Athens Niroo Community is a project initiated through the “Curing the Limbo” program by Co-Athens and supported by the Municipality of Athens.
Athens Niroo Community aims to form an original and sustainable energy community through educational workshops and pilot activities for the utilization of renewable energy sources.
Energy poverty is extremely widespread in Greece, affecting up to 58% of households. This becomes even more pronounced in vulnerable social groups, like refugees and migrants. From heating and cooling to daily access to the internet, access to electricity is essential in modern societies. Specifically for refugees and migrants who are already facing multiple barriers (bureaucratic, cultural, economic etc.), energy poverty can be one more important obstacle to integration. In Electra Energy Cooperative we share the common belief that clean energy should be a common good accessible to all. This is why through our work we encourage the active participation of citizens of all backgrounds in energy production.
Athens Niroo Community aims to form a sustainable energy community through educational workshops and pilot activities for the utilization of renewable energy sources. We will engage with citizens of Athens and refugees to collaboratively map how they envision this democratic participation, tailored to their needs. We will strive to collaborate with local authorities, like the Municipality of Athens, as well as various grassroots and civil society groups across four neighborhoods (Metaxourgio, Kolonos, Academy of Plato and Keramikos).
 Papada, L. and Kaliampakos, D. (2016) ‘Measuring energy poverty in Greece’, Energy Policy. Elsevier, 94, pp. 157–165. doi: 10.1016/j.enpol.2016.04.004.
Familiarization and networking activities with the local community.
Raising awareness events on clean energy communities open to the general public and three (3) collaborative energy community creation workshops.
Two (2) capacity building workshops of DIY solar panel creation and Two (2) installation activities of the constructed solar panels somewhere in our neighborhoods of intervention. These workshops will be accompanied by field trip activities to the Polytechnic University of Athens for further hands-on familiarization with renewable energy technologies.
Our goal is to create a close-knit community involving refugees and citizens of Athens who will actively contribute to clean energy production. We will have a strategic and business plan ready for an energy community, and if we manage to secure funding we will set the energy community into operation. Ideally, we would like to use this opportunity to transfer the message of energy democracy to people all over Athens, who in turn will become agents of change.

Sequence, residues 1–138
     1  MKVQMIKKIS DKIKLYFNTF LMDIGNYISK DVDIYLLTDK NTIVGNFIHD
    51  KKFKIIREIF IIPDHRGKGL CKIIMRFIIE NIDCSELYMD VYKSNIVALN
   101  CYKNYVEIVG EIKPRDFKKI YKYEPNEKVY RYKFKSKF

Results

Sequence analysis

Energy poverty in Athens
(by Athens Social Atlas)
Characteristics of the building stock and infrastructure networks
The majority of the buildings in the Municipality of Athens are apartment buildings that have been constructed during the first post-war decades, through the system of antiparohi (i.e. a land-for-flats barter system). Their construction features , as well as the fact that only a small part has been adequately maintained since their construction, has led to forming a decaying building stock with serious functional problems – especially concerning energy efficiency. The majority of apartment buildings have a central heating system, without individual choice concerning the amount of heating and the timing. In terms of energy resources, the main parameter is the natural gas network in the neighborhood. Where this network is not available, central heating systems have to use heating oil.
Regular dwellings without insulation
Mapping the Census 2011 data produced by the Greek Statistical Authority (ELSTAT), we see that the percentage of buildings having no insulation at all is rather high all over the Municipality of Athens. In the historical centre, as well as in the districts of Agios Pavlos, Attiki square, Kipseli and Patisia, there are enclaves where more than 80% of dwellings do not have any insulation. In peripheral areas of the Municipality (like Sepolia, Ano Patisia, Ano Kipseli, Poligono) and in small enclaves in the city centre (e.g. the areas around Lycabettus hill) residences lacking insulation are fewer; a fact related to the higher rate of buildings constructed after 1979 –when insulation became obligatory for new buildings (Official Gazette 362D΄/1979).
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